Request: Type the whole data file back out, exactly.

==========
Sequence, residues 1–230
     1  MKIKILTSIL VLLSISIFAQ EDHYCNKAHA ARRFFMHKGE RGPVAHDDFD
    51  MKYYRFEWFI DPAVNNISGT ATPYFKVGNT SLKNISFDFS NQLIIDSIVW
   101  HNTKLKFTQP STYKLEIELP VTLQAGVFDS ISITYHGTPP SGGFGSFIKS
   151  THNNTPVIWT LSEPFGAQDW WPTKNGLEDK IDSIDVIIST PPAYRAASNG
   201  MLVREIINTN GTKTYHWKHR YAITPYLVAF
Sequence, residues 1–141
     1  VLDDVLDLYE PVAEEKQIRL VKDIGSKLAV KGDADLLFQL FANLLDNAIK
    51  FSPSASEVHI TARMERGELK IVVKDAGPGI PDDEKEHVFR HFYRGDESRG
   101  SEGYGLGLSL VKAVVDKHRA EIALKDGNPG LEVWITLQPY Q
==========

Sequence, residues 1–230
     1  MKIKILTSIL VLLSISIFAQ EDHYCNKAHA ARRFFMHKGE RGPVAHDDFD
    51  MKYYRFEWFI DPAVNNISGT ATPYFKVGNT SLKNISFDFS NQLIIDSIVW
   101  HNTKLKFTQP STYKLEIELP VTLQAGVFDS ISITYHGTPP SGGFGSFIKS
   151  THNNTPVIWT LSEPFGAQDW WPTKNGLEDK IDSIDVIIST PPAYRAASNG
   201  MLVREIINTN GTKTYHWKHR YAITPYLVAF
Sequence, residues 1–141
     1  VLDDVLDLYE PVAEEKQIRL VKDIGSKLAV KGDADLLFQL FANLLDNAIK
    51  FSPSASEVHI TARMERGELK IVVKDAGPGI PDDEKEHVFR HFYRGDESRG
   101  SEGYGLGLSL VKAVVDKHRA EIALKDGNPG LEVWITLQPY Q